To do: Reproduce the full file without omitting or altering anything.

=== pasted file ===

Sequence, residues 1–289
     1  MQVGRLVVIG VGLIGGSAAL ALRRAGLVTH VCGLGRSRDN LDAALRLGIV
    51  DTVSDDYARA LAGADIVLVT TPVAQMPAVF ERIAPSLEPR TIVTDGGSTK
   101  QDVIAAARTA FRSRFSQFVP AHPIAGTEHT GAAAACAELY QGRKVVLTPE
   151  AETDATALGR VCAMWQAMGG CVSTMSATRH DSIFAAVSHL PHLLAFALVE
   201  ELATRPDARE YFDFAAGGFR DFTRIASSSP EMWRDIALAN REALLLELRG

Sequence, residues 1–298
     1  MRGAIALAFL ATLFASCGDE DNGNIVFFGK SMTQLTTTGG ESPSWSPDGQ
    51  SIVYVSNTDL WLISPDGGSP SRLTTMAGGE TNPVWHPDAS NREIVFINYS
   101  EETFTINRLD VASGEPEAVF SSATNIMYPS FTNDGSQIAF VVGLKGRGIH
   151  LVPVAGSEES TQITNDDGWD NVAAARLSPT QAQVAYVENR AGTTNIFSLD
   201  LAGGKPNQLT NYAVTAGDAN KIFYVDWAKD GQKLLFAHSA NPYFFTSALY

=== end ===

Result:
Sequence, residues 1–289
     1  MQVGRLVVIG VGLIGGSAAL ALRRAGLVTH VCGLGRSRDN LDAALRLGIV
    51  DTVSDDYARA LAGADIVLVT TPVAQMPAVF ERIAPSLEPR TIVTDGGSTK
   101  QDVIAAARTA FRSRFSQFVP AHPIAGTEHT GAAAACAELY QGRKVVLTPE
   151  AETDATALGR VCAMWQAMGG CVSTMSATRH DSIFAAVSHL PHLLAFALVE
   201  ELATRPDARE YFDFAAGGFR DFTRIASSSP EMWRDIALAN REALLLELRG

Sequence, residues 1–298
     1  MRGAIALAFL ATLFASCGDE DNGNIVFFGK SMTQLTTTGG ESPSWSPDGQ
    51  SIVYVSNTDL WLISPDGGSP SRLTTMAGGE TNPVWHPDAS NREIVFINYS
   101  EETFTINRLD VASGEPEAVF SSATNIMYPS FTNDGSQIAF VVGLKGRGIH
   151  LVPVAGSEES TQITNDDGWD NVAAARLSPT QAQVAYVENR AGTTNIFSLD
   201  LAGGKPNQLT NYAVTAGDAN KIFYVDWAKD GQKLLFAHSA NPYFFTSALY